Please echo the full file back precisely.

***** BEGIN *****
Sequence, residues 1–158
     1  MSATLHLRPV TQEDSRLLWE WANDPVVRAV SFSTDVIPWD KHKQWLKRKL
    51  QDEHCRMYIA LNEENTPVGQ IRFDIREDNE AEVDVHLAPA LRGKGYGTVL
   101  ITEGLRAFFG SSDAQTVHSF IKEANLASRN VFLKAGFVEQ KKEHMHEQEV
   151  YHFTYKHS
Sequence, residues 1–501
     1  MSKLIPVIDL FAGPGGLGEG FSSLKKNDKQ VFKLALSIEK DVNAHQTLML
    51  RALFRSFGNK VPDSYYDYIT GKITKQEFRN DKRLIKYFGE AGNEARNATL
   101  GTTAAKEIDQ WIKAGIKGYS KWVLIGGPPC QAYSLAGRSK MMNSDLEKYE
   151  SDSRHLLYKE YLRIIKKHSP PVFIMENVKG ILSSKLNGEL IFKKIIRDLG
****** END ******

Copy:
Sequence, residues 1–158
     1  MSATLHLRPV TQEDSRLLWE WANDPVVRAV SFSTDVIPWD KHKQWLKRKL
    51  QDEHCRMYIA LNEENTPVGQ IRFDIREDNE AEVDVHLAPA LRGKGYGTVL
   101  ITEGLRAFFG SSDAQTVHSF IKEANLASRN VFLKAGFVEQ KKEHMHEQEV
   151  YHFTYKHS
Sequence, residues 1–501
     1  MSKLIPVIDL FAGPGGLGEG FSSLKKNDKQ VFKLALSIEK DVNAHQTLML
    51  RALFRSFGNK VPDSYYDYIT GKITKQEFRN DKRLIKYFGE AGNEARNATL
   101  GTTAAKEIDQ WIKAGIKGYS KWVLIGGPPC QAYSLAGRSK MMNSDLEKYE
   151  SDSRHLLYKE YLRIIKKHSP PVFIMENVKG ILSSKLNGEL IFKKIIRDLG